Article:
Summary: Jessu went to those those outside of the covenant community of Israel to show God’s love for all people.

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14th Sunday after Pentecost

10 September 2006


Text: Mark 7:24-37

24 Jesus left that place and went to the vicinity of Tyre. He entered a house and did not want anyone to know it; yet he could not keep his presence secret. 25 In fact, as soon as she heard about him, a woman whose little daughter was possessed by an evil spirit came and fell at his feet. 26 The woman was a Greek, born in Syrian Phoenicia. She begged Jesus to drive the demon out of her daughter. 27 "First let the children eat all they want," he told her, "for it is not right to take the children’s bread and toss it to the dogs." 28 "Lord," she replied, "even the dogs under the table eat the children’s crumbs." 29 Then he told her, "For such a reply, you may go; the demon has left your daughter." 30 She went home and found her child lying on the bed, and the demon gone.

31 Then Jesus left the vicinity of Tyre and went through Sidon, down to the Sea of Galilee and into the region of the Decapolis. 32 There some people brought to him a man who was deaf and could hardly talk, and they begged Jesus to place his hand on him. 33 After he took him aside, away from the crowd, Jesus put his fingers into the man’s ears. Then he spit and touched the man’s tongue. 34 He looked up to heaven and with a deep sigh said to him, "Ephphatha!" (which means "Be opened!"). 35 At this, the man’s ears were opened, his tongue was loosened and he began to speak plainly.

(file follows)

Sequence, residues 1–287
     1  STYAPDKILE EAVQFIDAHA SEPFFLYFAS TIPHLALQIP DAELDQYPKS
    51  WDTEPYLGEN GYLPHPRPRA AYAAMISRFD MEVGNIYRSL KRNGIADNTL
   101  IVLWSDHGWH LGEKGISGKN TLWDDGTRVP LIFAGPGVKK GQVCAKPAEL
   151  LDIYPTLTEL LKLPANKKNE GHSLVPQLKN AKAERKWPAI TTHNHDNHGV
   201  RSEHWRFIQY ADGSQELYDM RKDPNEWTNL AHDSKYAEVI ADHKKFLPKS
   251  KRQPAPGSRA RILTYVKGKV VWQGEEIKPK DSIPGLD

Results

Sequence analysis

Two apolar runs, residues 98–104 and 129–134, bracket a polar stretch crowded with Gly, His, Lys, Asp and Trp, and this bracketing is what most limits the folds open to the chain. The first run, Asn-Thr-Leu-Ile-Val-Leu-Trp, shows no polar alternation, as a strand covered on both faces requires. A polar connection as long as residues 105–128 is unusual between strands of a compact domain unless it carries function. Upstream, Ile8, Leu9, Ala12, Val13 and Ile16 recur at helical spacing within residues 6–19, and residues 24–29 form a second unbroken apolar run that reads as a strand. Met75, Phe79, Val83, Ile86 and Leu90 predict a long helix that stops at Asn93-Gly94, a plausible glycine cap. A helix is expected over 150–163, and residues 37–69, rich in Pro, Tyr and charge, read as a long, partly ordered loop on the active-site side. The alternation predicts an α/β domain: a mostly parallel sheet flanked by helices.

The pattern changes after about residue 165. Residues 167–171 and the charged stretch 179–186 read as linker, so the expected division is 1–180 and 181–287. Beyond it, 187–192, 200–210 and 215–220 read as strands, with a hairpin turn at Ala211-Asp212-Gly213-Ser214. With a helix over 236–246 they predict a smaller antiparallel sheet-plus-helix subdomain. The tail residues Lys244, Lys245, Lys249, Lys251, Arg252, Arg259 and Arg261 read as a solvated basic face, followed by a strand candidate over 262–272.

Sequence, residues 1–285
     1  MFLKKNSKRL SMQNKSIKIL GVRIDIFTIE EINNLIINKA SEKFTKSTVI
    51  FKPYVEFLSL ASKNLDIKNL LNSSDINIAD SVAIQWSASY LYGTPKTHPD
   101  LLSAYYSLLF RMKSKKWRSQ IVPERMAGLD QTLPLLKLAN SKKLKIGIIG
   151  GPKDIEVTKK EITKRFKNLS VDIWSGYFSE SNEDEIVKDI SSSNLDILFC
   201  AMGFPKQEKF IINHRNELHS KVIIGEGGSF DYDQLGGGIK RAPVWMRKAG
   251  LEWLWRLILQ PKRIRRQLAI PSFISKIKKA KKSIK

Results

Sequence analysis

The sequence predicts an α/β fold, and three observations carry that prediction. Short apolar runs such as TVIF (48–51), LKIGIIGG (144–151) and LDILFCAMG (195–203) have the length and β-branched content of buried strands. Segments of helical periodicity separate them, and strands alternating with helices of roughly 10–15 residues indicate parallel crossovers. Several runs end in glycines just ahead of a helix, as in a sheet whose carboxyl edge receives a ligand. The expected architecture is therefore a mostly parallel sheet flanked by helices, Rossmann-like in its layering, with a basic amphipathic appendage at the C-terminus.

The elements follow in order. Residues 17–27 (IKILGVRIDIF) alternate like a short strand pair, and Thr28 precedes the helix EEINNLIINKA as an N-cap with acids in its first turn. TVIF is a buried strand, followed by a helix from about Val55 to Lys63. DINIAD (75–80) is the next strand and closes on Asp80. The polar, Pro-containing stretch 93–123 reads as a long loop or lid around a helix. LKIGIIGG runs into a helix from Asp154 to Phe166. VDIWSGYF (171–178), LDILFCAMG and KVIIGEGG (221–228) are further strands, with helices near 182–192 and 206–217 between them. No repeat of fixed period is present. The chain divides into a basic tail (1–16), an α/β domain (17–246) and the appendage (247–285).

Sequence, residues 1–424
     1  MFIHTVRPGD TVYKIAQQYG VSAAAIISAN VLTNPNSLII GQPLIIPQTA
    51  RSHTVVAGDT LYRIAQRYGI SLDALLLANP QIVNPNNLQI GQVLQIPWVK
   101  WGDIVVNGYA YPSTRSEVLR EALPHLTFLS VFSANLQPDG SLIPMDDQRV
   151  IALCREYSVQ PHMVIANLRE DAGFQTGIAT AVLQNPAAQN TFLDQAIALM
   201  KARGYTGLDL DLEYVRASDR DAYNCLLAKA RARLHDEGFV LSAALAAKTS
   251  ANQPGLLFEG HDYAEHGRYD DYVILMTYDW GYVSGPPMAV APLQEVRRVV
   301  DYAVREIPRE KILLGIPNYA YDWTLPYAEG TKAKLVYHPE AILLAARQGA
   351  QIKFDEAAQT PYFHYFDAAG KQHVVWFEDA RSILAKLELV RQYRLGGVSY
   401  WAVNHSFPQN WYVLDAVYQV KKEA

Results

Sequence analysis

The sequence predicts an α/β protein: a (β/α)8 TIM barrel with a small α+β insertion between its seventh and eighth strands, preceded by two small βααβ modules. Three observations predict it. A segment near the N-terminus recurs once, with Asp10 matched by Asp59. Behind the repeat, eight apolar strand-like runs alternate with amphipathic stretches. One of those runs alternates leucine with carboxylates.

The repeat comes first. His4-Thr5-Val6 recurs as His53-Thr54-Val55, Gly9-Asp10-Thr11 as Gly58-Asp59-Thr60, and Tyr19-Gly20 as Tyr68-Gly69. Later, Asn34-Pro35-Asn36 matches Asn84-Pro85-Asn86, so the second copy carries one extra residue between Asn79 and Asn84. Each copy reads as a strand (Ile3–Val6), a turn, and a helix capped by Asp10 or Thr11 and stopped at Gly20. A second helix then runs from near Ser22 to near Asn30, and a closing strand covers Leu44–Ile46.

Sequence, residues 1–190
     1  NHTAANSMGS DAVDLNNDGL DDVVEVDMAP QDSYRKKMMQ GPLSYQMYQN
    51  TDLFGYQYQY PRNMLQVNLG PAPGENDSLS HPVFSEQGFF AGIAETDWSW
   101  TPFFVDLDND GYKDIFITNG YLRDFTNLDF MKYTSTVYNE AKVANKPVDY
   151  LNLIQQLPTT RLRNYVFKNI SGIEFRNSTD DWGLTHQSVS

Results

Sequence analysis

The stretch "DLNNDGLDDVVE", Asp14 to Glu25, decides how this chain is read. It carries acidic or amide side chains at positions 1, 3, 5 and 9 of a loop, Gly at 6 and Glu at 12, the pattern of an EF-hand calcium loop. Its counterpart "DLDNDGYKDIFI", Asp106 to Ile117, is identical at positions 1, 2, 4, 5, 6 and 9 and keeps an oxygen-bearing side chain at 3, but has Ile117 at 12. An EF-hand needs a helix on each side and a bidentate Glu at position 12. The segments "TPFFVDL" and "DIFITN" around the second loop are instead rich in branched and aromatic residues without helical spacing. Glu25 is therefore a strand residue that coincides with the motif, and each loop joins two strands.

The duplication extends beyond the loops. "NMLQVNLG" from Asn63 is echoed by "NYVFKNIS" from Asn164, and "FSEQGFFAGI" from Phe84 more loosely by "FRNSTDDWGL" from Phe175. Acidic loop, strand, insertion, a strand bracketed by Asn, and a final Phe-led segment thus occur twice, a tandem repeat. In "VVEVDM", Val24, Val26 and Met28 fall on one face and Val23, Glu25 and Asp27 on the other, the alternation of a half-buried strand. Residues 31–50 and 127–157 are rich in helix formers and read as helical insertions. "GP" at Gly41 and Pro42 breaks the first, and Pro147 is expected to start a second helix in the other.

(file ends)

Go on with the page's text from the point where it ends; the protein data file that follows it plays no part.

36 Jesus commanded them not to tell anyone. But the more he did so, the more they kept talking about it. 37 People were overwhelmed with amazement. "He has done everything well," they said. "He even makes the deaf hear and the mute speak."

In these two stories we have examples of Jesus’ love going behind enemy lines into pagan territory and reaching the foreigners beyond the boundaries of Israel. The first is a Syro-Phoenician woman and the second a deaf man from the pagan region of the Decapolis.

Jesus treats the Syro-Phoenician woman quite rudely and there is no getting around that fact. This is even clearer in Matthew’s version (15:21-28). Mark doesn’t tell us exactly what the woman said when she made her request but Matthew tells us that she cried out “Lord, Son of David, have mercy on me! My daughter is demon-possessed and suffering terribly” and that when Jesus heard this he “did not answer a word.” So the first thing he does is ignore her.

The next thing he seems to do is disqualify her whole race from receiving the benefit of his ministry. When the disciples urge him, “Send her away, for she keeps crying out after us,” Jesus seems to disqualify her whole race when he answers “I was sent only to the lost sheep of Israel.”

He has ignored her; he has racially slurred her; and now he just comes right out and calls her a dog. Matthew tells us she knelt before him (Mark says she begged him) and cried out “Lord, help me!” and he replied, “It is not right to take the children’s bread and toss it to the dogs.”